understanding the importance and impact of anonymity and authentication in a networked society
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Using the right lenses for developments in identity management PDF Print
a blog*on*nymity ID TRAIL MIX by Miriam Lips

Many of you may have noticed that an important Bill for the future of UK central government’s Identity Management Policy recently has passed an important hurdle for further implementation. Having received Royal Assent after being bounced between the House of Commons and House of Lords several times, the UK Identity Cards Bill will now be passed as law. Aims of the UK central government are to introduce a national ID card containing three biometric identifiers, together with a National Identity Register acting as a central database in which a range of details about individuals will be stored. After a political tussle between the House of Commons voting for the ID cards to be compulsory whilst the House of Lords continually voted for the cards to be kept voluntary, the House of Lords offered a compromise to the House of Commons that anyone renewing their passport will have details put onto the National Identity Register but will not be forced to have an ID card until 2010. One reason for the compromise is that 2010 will be after the next general election in the UK: if the Conservatives gain power at the next vote they claim that they will look to abandon the ID card scheme.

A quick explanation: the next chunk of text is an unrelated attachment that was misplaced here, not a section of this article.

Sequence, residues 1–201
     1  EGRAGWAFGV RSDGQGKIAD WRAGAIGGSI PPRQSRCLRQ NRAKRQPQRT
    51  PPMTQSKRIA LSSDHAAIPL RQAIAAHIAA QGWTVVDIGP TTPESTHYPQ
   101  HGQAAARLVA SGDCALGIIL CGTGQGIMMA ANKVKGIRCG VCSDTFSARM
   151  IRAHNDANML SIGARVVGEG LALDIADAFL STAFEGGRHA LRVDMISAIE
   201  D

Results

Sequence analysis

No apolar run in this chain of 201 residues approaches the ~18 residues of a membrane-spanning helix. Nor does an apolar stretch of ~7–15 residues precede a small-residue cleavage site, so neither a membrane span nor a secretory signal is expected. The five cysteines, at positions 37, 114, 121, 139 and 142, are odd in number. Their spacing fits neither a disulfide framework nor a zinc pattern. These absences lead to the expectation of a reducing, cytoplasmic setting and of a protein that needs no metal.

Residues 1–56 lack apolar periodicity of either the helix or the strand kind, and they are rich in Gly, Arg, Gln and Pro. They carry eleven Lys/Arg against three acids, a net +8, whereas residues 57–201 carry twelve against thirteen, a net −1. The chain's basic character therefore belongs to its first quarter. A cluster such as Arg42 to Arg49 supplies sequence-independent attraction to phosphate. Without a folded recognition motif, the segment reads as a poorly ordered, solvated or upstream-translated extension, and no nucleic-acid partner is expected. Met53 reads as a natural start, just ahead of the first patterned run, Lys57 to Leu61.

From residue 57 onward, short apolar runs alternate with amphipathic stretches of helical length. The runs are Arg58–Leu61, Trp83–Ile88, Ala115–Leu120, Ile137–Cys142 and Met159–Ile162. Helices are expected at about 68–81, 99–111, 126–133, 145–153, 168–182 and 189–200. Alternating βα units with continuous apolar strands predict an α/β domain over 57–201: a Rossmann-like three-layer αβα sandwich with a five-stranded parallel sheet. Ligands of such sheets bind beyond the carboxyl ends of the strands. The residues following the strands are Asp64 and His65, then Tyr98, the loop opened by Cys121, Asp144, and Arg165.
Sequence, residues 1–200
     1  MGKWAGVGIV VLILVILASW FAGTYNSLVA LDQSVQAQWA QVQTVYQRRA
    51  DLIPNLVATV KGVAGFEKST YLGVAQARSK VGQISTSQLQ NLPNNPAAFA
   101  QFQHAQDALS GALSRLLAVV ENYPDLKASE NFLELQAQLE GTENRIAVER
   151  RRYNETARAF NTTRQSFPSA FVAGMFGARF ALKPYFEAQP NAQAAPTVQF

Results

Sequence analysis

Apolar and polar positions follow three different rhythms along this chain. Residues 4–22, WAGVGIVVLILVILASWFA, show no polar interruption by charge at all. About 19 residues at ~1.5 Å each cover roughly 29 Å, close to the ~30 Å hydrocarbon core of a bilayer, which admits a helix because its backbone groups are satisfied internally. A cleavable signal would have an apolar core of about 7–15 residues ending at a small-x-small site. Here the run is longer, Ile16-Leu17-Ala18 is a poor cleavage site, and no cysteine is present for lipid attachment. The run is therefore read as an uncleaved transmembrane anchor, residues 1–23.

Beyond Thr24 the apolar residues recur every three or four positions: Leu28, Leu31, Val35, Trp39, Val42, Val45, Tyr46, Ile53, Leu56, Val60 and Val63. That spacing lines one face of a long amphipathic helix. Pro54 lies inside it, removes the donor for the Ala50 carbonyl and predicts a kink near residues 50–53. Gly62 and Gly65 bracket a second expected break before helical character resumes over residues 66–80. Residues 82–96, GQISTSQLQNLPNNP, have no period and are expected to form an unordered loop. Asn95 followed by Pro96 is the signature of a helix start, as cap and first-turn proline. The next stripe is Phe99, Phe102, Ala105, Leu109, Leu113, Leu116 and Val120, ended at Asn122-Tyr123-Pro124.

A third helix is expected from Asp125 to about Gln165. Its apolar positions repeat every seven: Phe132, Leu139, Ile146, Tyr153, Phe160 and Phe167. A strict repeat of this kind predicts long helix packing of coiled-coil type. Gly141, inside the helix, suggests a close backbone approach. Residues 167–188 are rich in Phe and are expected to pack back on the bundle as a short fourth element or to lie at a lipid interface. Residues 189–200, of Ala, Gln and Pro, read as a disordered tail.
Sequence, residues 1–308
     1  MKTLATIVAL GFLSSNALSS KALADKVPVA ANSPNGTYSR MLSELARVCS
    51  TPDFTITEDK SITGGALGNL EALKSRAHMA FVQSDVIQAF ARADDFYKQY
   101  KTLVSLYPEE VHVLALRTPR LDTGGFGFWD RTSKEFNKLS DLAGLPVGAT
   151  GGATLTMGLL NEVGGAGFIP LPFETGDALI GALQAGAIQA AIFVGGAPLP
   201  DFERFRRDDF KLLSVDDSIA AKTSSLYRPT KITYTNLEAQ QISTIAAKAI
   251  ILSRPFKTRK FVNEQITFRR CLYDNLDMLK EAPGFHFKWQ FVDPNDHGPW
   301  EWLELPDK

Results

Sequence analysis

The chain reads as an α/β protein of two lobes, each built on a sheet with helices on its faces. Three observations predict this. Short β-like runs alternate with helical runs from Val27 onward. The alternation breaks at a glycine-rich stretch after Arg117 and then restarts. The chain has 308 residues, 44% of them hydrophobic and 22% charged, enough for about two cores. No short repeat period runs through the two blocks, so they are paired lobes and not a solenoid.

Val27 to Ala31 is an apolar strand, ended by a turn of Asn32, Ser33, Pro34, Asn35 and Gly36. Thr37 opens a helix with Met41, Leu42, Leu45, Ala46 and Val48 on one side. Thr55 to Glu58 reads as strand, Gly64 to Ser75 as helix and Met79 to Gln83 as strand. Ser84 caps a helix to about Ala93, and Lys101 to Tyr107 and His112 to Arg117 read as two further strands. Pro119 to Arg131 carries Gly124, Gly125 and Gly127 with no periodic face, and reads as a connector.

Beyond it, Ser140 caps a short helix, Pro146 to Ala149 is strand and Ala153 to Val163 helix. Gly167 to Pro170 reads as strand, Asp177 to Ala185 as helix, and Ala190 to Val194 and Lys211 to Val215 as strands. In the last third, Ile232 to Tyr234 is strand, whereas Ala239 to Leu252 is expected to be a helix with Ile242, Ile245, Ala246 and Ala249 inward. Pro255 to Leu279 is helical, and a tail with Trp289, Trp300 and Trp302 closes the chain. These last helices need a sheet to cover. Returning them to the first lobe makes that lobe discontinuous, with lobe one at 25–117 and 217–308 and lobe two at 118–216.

To read the rest of this piece, visit: http://www.anonequity.org/weblog/archives/000277.php 
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